I doubt that there is anywhere in the world you could go to now without someone there knowing the story of the phantom of the opera. What began as a short novel by author Gaston Leroux in 1909 was first turned into a film in 1916 though that version has been lost. Perhaps the more famous first version came via the extraordinary make up from its star Lon Chaney in 1925. The visage that he unleashed upon the film going public at the time was the one most often thought of until Andrew Lloyd Webber chose the novel for his musical back in 1986. That version came about when the original story went into public domain and could be used by anyone. What many may not realize is that at the same time a few scriptwriters were working on their own version for the same reason even though that film would not come out until 1989. That film came and went without a ton of recognition, many thinking it was trying to play off of the musical. In point of fact it was stepping back to the original source material and does so quite well.
The film opens in present day (1989 that is) and young Christine Day (Jill Schoelen) is off to perform an audition for a musical on Broadway. During that audition she is bumped on the head and wakes to find herself transported to 1881 London where she is the understudy to the lead diva at the recently renovated London Opera House. When the diva takes ill, Christine performs the piece she was to do and is about to take over the part. Alas the diva prevents this from happening much to the displeasure of the phantom of the opera house, a mythical ghost type figure all fear but few have ever seen.
Even though few have seen this phantom he does indeed exist. The story is that Erik Destler (Robert Englund) sold his soul to the devil in order for his music to be made famous. While his music does indeed get recognized the devil disfigured him in return so that only his music would be loved. In an effort to appear normal, Destler sews on pieces of skin to his mangled flesh one piece at a time. Now Destler haunts the halls and secret passages of the opera house waiting for the day someone he believes in can perform his music. That day is now and Christine is that person.
When people begin to push Christine out of the picture bad things begin to happen to various members of the cast and crew. A stagehand is hung, the diva is silenced and all fear that in the end the phantom will have his way. As Christine falls under the charms of her benefactor she falls for someone else, a young man who will do all he can to protect her. But if the phantom has his way Christine and his music will always remain with him.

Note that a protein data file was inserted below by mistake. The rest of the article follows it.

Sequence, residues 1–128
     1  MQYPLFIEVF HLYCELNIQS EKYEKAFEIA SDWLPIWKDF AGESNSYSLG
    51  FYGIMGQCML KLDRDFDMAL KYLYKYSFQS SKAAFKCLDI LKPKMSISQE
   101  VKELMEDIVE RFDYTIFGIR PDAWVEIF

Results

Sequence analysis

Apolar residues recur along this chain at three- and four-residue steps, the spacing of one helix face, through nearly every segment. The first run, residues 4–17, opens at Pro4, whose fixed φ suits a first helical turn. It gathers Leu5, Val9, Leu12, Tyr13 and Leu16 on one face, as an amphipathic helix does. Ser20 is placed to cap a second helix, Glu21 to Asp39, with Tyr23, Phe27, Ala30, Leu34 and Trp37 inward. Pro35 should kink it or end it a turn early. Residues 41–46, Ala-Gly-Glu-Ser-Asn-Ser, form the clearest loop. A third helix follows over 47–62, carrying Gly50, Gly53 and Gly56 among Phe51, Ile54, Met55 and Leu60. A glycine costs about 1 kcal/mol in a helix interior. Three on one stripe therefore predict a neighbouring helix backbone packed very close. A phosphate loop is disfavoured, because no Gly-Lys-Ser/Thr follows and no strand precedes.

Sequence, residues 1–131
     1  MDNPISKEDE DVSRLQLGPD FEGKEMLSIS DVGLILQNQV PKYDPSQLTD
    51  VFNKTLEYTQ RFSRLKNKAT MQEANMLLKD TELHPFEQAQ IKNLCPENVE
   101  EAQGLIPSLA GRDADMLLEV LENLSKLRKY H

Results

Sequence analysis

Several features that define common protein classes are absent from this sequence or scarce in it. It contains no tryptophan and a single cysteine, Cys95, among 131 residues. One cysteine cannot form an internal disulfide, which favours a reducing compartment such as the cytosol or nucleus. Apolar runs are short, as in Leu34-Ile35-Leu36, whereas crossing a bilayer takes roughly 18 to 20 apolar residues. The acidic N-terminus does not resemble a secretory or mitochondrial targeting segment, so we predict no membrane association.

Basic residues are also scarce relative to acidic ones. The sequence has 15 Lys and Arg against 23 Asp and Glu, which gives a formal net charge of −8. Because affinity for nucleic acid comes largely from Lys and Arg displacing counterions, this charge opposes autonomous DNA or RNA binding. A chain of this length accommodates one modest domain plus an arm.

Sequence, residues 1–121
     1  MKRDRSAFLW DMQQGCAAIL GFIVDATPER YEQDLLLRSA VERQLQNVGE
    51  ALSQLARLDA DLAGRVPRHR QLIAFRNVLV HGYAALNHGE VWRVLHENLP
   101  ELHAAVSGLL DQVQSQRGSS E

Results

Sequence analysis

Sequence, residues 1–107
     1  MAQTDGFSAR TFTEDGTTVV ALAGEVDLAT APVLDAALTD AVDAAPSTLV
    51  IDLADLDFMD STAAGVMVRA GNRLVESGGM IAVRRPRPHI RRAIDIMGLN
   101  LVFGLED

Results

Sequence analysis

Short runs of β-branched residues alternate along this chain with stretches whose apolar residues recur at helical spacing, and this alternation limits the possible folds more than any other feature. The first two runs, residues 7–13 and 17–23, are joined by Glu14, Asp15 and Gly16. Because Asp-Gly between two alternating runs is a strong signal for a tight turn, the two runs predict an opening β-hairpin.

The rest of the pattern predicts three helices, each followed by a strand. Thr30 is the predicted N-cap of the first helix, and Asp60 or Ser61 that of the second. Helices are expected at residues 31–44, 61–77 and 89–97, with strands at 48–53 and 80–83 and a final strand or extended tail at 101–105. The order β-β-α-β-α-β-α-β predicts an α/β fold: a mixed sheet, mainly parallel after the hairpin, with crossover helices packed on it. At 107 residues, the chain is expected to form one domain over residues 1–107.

Eventually Christine wakes to find herself in the present once again and in line for the part. One would think that the story ends there but it doesn’t and those who stop the movie there miss some of the best surprises left for them by the writer and director.
So why didn’t this movie make a mint? After all, the film versions seen before always seemed to do so well at the box office. As I said the fact that the musical had already come out and was such a huge hit made it seem like this film was riding their coattails. With the popularity of the musical it was hard not to think of it or its music when this film came out. And that’s sad.
It’s sad because this is actually a very good version of the story. Not only that but the quality of the production would make you think there was some major money involved in this film. This was due in part because the producer of the film had several sets still standing from a previous film that had a higher budget that were put to use here. But it’s not just the sets that make this film stand out.
The performances seen in this film are outstanding. Englund had already been typecast as a bad guy by the time this movie had come out, forever known as Freddy Krueger of NIGHTMARE ON ELM STREET fame. But he’s a much better actor than people give him credit for. This movie shows that off from start to finish. Schoelen also turns in a notable performance here as the ingénue whose mentor is not what he seems. The only bad thing to say about Schoelen is that she made too few films. After watching this one you may agree.
Shout Factory has done a great job with this release, another notch in their cap. The quality of the transfer to blu-ray retains the solid job of cinematography that was on display when the film was originally released back in 1989. The extras offer a glimpse behind the scenes as to what went on then and contains several interesting interviews with the cast and crew shot more recently. It’s always nice to be able to revisit a movie like this with the original people today.
If you love the story of the phantom and have enjoyed the musical I’d say you just might enjoy this film as well. Certainly there is a bit more gore to be had here but the story lends itself to that. It’s nothing that would compare to what we now see on TV shows like THE WALKING DEAD but for the faint of heart the sewing scenes might be a bit much. Horror fans will love it though and be glad that this version is out there waiting for them to add to their collection. Another must have for those folks.
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